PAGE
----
By now we are all largely aware that the landscape in which businesses work is changing and we have no choice to adapt – this is not new news. However, the true pace and acceleration of this change is definitely attention grabbing.
As organisations seek to take advantage of technologically inspired disruptions and trends, learning and development strategies must equally harness the shift and become increasingly fluid and flexible.
So how do we future proof our workplaces against this rapidly transforming environment and how can we ensure that employees are stimulated by this and given the correct opportunities to upskill and grow into their evolving roles?
Primarily, businesses should pay close attention to the emergence of future trends, challenges and requirements. By taking this information into account we can define what the future vision of professional development will look like. These insights can then help create a practical road map for navigating the future of workplace learning.
DeakinCo. recently partnered with a large business client to conduct a study into how their organisation could best prepare themselves for perpetual change both internally and externally.
There were three key findings which can be applied to the majority of today’s workforces.
Primarily, it was clear that a more pro-active approach to training is required. This means employers of the future need to invest in foreseeing what areas of their business will be the next to react to automation and digital disruption. By doing so they will be better equipped to develop and upskill staff ahead of the curve and therefore potentially preserve both efficiency and the psychological stability of their employees.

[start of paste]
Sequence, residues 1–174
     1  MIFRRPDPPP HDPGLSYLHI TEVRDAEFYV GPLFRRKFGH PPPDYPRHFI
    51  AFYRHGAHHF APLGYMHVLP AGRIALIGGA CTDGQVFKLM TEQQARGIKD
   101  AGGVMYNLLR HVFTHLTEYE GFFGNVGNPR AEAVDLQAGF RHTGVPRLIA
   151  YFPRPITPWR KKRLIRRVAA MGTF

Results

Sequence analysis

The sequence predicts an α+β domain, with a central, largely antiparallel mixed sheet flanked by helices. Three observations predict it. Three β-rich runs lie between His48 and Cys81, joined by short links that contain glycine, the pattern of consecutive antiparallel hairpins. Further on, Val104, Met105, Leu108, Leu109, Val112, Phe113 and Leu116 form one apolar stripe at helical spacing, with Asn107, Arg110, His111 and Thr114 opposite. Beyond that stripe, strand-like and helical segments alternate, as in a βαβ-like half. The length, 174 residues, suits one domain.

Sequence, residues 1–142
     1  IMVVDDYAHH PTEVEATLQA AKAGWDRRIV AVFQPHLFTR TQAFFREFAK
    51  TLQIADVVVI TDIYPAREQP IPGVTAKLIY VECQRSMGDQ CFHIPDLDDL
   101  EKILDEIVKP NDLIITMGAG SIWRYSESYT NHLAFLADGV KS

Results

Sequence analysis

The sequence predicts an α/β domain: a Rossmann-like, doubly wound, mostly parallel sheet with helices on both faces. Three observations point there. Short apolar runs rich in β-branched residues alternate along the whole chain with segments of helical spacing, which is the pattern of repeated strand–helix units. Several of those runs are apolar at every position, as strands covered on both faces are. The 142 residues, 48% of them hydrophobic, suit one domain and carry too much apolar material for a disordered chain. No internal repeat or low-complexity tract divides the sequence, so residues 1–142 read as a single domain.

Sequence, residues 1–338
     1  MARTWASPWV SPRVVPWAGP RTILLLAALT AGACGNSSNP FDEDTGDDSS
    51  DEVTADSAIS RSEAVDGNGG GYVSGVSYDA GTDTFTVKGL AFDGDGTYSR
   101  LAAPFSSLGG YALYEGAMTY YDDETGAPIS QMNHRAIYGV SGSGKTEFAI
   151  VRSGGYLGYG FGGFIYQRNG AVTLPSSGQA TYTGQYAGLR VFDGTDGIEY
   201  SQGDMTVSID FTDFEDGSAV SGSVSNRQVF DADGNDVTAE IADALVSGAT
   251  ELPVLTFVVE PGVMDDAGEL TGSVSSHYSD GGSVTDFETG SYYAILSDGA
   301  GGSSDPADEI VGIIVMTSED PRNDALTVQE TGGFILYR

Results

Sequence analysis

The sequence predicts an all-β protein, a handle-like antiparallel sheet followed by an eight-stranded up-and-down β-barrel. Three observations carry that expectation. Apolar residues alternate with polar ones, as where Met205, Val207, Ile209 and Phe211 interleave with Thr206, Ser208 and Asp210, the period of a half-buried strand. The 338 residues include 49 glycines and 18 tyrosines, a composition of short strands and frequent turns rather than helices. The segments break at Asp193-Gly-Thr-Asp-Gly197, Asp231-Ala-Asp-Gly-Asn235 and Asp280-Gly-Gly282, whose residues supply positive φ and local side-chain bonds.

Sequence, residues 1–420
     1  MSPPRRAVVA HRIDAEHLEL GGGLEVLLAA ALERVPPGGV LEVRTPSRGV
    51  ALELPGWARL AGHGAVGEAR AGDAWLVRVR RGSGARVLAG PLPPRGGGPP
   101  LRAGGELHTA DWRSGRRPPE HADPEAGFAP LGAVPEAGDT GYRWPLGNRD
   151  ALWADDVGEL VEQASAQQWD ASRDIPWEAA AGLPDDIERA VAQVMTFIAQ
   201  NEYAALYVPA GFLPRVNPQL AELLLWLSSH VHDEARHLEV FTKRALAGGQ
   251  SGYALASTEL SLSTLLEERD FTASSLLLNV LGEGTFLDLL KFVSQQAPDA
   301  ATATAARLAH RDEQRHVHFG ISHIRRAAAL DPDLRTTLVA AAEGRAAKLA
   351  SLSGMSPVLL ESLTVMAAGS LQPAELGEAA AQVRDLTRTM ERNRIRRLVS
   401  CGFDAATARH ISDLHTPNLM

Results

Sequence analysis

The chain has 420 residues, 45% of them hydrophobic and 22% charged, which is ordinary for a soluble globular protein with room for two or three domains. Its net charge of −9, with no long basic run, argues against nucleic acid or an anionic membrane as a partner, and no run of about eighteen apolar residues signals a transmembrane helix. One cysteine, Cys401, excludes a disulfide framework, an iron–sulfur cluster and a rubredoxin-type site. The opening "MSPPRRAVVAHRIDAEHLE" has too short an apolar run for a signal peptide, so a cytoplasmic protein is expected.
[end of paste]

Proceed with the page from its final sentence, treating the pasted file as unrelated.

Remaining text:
In addition to this, there needs to also be a shift in how future L&D is sold to staff. We all live in a world where our attention and engagement is fiercely fought over by numerous distracting factors and ultimately the most relevant approach that truly “speaks to us” wins,
Therefore, by beginning to market learning and development opportunities in a creative and campaign like manner, staff responsiveness has the potential to soar.
For example, creating a platform for discussion and reaching out to employees in a way that resonates with their daily lives through dedicated #’s and social media interaction.
This will in turn feed a much more social approach to development whereby staff within different areas are encouraged to share their expertise and work to share knowledge across their fields of expertise.
Our experience and interaction with businesses across industries shows that L&D needs to quickly move into a human centric space with the creation of a learning culture.
This particular investigation found that psychological safety enables high performance particularly in terms of the attitudes towards learning from failures.
This ultimately bolsters the idea that businesses need to adopt measures such as those described, to incur a real mind-set change amongst staff. They want and need L&D systems that use data driven metrics that have realistic credibility amongst peers and employers.
This is an area DeakinCo. has been exploring extensively and you can find out the full extent of our future gazing recommendations in the coming months.
DeakinCo. is examining how the future of work will shape the future of learning and the future of the L&D function, and are looking for innovative examples of L&D approaches to be featured as case studies in our upcoming report.
If you are interested in sharing your organisation’s L&D approach, please get in contact with Kelly Kajewski.